"Touch-me-nots" are an adverse reaction by the horse to being groomed and touched. This is seen when they have "euthyroid sick syndrome" , meaning that although there is nothing wrong with the actual thyroid gland, something else is causing low thyroid hormone levels; can also be seen in IR. Of course, horses can object to being groomed and touched for a variety of reasons, but these cranky, touch-me-not signs can resolve with appropriate diet.
--

Jaini Clougher (BSc,BVSc)

Merlin (over the bridge) ,Maggie,Gypsy, Ranger

BC 09
ECIR mod/support

https://ecir.groups.io/g/CaseHistory/files/Jaini%20and%20Merlin-Maggie-Gypsy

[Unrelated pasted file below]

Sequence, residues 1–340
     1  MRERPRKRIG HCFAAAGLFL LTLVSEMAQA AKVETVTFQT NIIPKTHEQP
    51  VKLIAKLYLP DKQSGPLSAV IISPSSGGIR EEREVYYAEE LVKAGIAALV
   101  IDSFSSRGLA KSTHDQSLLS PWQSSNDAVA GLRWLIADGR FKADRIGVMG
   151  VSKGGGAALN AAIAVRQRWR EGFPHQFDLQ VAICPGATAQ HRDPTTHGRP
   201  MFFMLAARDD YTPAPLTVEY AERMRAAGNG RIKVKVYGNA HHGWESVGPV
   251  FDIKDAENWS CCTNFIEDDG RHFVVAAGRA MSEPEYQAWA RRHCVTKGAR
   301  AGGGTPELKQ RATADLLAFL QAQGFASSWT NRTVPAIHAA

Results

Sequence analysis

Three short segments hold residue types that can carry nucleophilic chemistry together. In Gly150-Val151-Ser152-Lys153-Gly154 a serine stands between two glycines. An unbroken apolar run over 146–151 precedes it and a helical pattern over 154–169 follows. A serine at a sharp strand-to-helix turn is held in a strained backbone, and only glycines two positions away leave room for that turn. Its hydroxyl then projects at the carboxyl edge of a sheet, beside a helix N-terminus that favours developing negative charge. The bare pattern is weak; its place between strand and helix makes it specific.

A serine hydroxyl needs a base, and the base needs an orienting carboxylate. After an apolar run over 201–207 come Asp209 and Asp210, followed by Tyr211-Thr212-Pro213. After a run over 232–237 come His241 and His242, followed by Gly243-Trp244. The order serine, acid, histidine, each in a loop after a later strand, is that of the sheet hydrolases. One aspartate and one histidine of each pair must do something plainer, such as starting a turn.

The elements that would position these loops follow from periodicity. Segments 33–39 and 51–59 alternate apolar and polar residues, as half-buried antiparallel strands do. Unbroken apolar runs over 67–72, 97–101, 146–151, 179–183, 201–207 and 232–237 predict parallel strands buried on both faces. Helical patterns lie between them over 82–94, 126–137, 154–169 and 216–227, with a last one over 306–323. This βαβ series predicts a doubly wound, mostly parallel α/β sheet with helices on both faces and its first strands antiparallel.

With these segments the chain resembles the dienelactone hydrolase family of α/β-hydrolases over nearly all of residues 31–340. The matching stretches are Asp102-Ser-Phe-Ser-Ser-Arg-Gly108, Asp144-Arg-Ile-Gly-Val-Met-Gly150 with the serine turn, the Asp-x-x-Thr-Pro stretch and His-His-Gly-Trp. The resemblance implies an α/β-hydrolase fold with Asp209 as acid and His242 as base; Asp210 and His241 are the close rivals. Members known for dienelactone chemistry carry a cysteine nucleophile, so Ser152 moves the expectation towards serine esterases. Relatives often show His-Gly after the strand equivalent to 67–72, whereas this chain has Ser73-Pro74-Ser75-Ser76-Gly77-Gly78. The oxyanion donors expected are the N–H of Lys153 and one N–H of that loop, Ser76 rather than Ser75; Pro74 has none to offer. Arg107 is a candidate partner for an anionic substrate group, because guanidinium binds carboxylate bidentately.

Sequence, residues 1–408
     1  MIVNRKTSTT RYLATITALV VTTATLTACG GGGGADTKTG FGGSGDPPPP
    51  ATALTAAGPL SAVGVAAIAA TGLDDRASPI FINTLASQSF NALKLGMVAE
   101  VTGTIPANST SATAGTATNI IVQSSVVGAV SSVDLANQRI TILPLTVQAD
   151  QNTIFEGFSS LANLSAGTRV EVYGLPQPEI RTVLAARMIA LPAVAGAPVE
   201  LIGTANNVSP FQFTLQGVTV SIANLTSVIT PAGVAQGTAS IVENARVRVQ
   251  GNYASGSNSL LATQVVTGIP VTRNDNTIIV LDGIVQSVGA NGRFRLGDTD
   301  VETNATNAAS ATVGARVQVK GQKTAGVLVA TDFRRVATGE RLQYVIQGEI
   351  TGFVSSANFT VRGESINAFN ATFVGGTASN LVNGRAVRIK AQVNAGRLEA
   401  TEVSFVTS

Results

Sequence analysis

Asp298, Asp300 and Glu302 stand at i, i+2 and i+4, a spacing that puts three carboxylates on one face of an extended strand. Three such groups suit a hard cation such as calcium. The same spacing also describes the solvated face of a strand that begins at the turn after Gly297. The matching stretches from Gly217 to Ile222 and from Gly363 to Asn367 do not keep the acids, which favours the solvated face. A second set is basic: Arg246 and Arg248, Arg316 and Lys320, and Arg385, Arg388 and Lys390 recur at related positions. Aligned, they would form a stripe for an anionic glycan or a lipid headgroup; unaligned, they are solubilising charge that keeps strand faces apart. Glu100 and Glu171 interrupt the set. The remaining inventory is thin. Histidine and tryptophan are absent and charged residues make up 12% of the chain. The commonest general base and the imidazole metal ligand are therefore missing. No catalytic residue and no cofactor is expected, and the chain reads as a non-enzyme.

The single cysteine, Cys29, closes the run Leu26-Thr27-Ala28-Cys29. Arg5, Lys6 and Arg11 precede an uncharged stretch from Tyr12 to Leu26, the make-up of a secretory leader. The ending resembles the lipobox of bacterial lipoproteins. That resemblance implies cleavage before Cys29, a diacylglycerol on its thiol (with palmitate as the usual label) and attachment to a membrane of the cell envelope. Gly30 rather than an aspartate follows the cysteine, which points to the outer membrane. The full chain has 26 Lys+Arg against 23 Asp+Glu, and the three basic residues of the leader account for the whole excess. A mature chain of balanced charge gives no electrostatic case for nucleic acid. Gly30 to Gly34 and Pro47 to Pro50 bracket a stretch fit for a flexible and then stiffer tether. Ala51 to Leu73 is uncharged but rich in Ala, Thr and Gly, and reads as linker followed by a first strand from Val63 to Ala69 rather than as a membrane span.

Re: Putting weight on my horse w I.R.

 

Hi, Tara - all of us were completely overwhelmed at the beginning of sorting out our IR and/or Cushing's horses. This is normal!  There is so much information, it seems impossible to take it all in, but I promise: it will get better, and easier.

The Triple Crown Naturals Timothy Balance cubes are just fine; they were initially developed with the collaboration of Ontario Dehy and Dr. Kellon. (Huge thanks to Aurelio and Eleanor!).  

You can use either the Timothy Balance cubes, or beet pulp, or both to help put weight on (as well as the free-choice hay). Full plan below!

Human grade ground flax is just fine, but more expensive than that from the feedstore. Look into Omega Fields Horseshine:  https://www.omegafields.com/equine-products/omega-horseshine-37.html  Good product, and might be cheaper.